The training tools available, and the creativity of trainers who use them, is astounding. It may seem to many that there is a never-ending stream of these gadgets. However, while useful, a training tool should never be a substitute for knowledge.
Make sure that your dog is in good health before using any training tools mentioned discussed below. Even the gentlest of collars or training regimes can do harm if the dog has a skin sore or twisted dewclaw.
A clicker is a palm-sized, hand-held plastic and metal unit used as an attention-getting device. It emits a loud ‘click-clack’ noise when pressed and released and can save a lot of wear on the trainer’s voice. Even against background noise, it is distinctive and readily audible to a dog.
The clicker can be used to grab the attention of a distracted dog. More commonly it’s used as a reward or ‘begin’ sound when the animal exhibits desired behavior or to start a behavior.
Leashes and Collars
A large variety of leashes are available, from two-foot control leashes, usually made of nylon or leather, to the 30-foot extendable-retractable nylon cord type.
A good tool for near work, such as training ‘sit’, ‘stay’ (for example, ‘don’t run after the cat’ or ‘don’t move before I do’) is the two to four-foot leash. The extendable leash is only useful for trainers who want to obey their dog. The human (whether male or female) must always be the ‘alpha male’ of the pack and the alpha always leads.
Collars come in various combinations of the buckle, snap, nylon and leather. Provided good quality snaps and nylon are used, they can be suitable even large dogs. To ensure they don’t slip off easily when the dog moves, allowing escape, they should be adjusted carefully, though.
This trainer is adamantly opposed to spike collars – which can easily damage a smaller dog and tend to engender fear even in larger ones. Choke collars are also discouraged. A sharp tug on the front of the throat can bruise or even collapse a trachea even though dogs have very strong neck muscles. Also, choke collars are often put on backward (an easy mistake to make), which makes them counter-productive and dangerous.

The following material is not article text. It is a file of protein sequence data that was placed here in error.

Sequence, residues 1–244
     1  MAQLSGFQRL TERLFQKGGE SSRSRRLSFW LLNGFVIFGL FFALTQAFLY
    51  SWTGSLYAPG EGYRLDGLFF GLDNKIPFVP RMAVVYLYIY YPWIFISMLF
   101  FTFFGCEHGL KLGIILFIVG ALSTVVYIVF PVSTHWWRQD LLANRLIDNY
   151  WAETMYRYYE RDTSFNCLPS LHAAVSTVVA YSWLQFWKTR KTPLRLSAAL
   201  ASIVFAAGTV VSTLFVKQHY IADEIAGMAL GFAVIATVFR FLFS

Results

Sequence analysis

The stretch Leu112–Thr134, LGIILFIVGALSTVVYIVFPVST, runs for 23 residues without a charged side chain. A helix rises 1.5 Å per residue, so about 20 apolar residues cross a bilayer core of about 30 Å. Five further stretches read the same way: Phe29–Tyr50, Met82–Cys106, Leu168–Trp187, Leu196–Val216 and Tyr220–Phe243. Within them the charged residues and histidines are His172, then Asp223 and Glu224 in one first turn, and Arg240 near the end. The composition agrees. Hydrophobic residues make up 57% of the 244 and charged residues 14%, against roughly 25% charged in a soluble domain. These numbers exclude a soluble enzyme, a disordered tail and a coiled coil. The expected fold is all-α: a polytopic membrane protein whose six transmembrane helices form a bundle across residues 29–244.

Chest halter leashes and even full vests can be used to strengthen the trainer’s advantage while avoiding excessive pressure on the dog’s throat.
The potential downside is that training is limited to positive re-enforcement as the animal experiences no discomfort from pulling. Originally designed to be used with seeing-eye and other aid dogs, the chest-halter can encourage pulling – the opposite of the usual goal.
Nevertheless, they’re helpful for those who need extra control over a strong dog or when regular collars and leashes aren’t sufficient, Muzzles.
Muzzles can be helpful, and sometimes necessary for help with short-term barking and biting control. The downside is the dog never learns through other means to suppress barking when using one. The muzzle becomes a substitute for the more difficult, long-term solution of obeying ‘no-bark’ commands.
Other dog-related items include no-bark collars, electric fences, chemical sprays, head collars, etc. These act as control devices as well as training tools though.
However, the most effective, and cheapest, training tool comes from love and respect. Dogs are generally eager to please, especially when they themselves are happy. Utilizing this tool will make training desired behaviors far easier and much more pleasant for both of you.